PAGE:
Novoplast Tripod Rocket Floor Lamp
Materials: Teak tripod base. 6 ornamental screws. Some metal parts. Orange-yellow fibreglass tubular lampshade. 3 Bakelite E27 sockets.
Height: 125 cm / 44.48”
Width: ∅ 22 cm / 8.66”
Electricity: 3 bulbs E27, 3 x 60 watt maximum, 110/220 volt.
Any type of light bulb can be used. Not a specific one preferred.
Period: 1950s, 1960s – Mid-Century Modern.
Designer: To be appraised.
Manufacturer: Novoplast, Dolná Streda, Czech Republic.
Other versions: This Novoplast tripod rocket floor lamp was made in several sizes, colours and versions; white, blue, green, small, big … Also produced with B22 lamp sockets.
Often described as a lamp from Denmark but this type of rocket lamp was made in the Czech Republic in the late 1950s, early 1960s: the Space Age.
These lamps were made in the Czech Republic, but if you want one, you have to buy it in the United Kingdom. Most of the time when a lamp is for sale, it is in the UK. That’s because Habitat sold these floor lamps in the 1960s. They are hard to find anywhere else in this version: the most beautiful one. Also British Home Stores (BHS) sold these rocket floor lamps in the UK.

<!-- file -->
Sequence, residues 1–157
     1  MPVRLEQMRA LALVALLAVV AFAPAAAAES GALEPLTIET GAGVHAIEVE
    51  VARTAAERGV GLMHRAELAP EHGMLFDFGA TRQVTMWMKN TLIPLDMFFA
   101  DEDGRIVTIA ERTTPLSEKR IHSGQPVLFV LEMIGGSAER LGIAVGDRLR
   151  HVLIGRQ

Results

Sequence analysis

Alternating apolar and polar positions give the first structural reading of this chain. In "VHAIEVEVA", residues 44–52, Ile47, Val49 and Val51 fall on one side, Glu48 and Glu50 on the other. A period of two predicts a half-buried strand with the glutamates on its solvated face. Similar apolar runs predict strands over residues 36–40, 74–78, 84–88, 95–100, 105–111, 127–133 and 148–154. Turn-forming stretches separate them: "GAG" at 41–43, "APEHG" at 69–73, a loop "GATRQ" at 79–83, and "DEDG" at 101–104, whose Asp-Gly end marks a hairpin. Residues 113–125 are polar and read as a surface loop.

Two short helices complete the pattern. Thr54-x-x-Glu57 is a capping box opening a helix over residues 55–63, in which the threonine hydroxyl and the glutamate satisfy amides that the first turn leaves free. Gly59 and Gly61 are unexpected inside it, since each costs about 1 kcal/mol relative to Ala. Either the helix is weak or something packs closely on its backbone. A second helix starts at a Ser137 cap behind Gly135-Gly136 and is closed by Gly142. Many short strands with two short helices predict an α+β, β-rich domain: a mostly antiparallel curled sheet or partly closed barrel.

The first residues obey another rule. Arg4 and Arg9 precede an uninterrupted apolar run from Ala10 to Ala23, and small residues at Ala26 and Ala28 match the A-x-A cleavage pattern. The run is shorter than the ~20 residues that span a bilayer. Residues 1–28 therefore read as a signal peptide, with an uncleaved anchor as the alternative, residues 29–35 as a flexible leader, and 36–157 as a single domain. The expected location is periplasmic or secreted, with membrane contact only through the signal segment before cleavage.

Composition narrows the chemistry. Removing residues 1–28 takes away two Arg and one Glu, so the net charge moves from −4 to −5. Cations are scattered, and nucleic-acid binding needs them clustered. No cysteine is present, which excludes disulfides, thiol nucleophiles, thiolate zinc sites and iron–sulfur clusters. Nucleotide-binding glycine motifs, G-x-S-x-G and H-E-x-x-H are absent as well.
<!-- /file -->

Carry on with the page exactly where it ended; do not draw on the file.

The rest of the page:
Novoplast is a company from the Czech Republic. The company was founded in 1947 and is specialised in glass-fibre reinforced plastics. The company still exists, but they don’t produce lighting anymore.
Habitat Retail Ltd, trading as Habitat is a retailer of household furnishings. Sir Terence Conran founded the company in London in 1964. The business expanded quickly and in 1973 the first store in Europe was opened in Paris, France. The company expanded and merged frequently over the years. In 2011 it almost went bankrupt.
Lamps in the movies!
Another model of a Novoplast tripod rocket floor lamp was used as a prop in the British film Made In Dagenham (2010). A dramatisation of the 1968 strike at the Ford car plant in the city of Dagenham, where female workers walked out in protest against sexual discrimination.
A Novoplast tripod rocket floor lamp, an orange version, was used as a prop in the BBC‘s Mrs. Brown’s Boys. A British and Irish television sitcom, created by and starring Irishman Brendan O’Carroll. You can see it in the video below.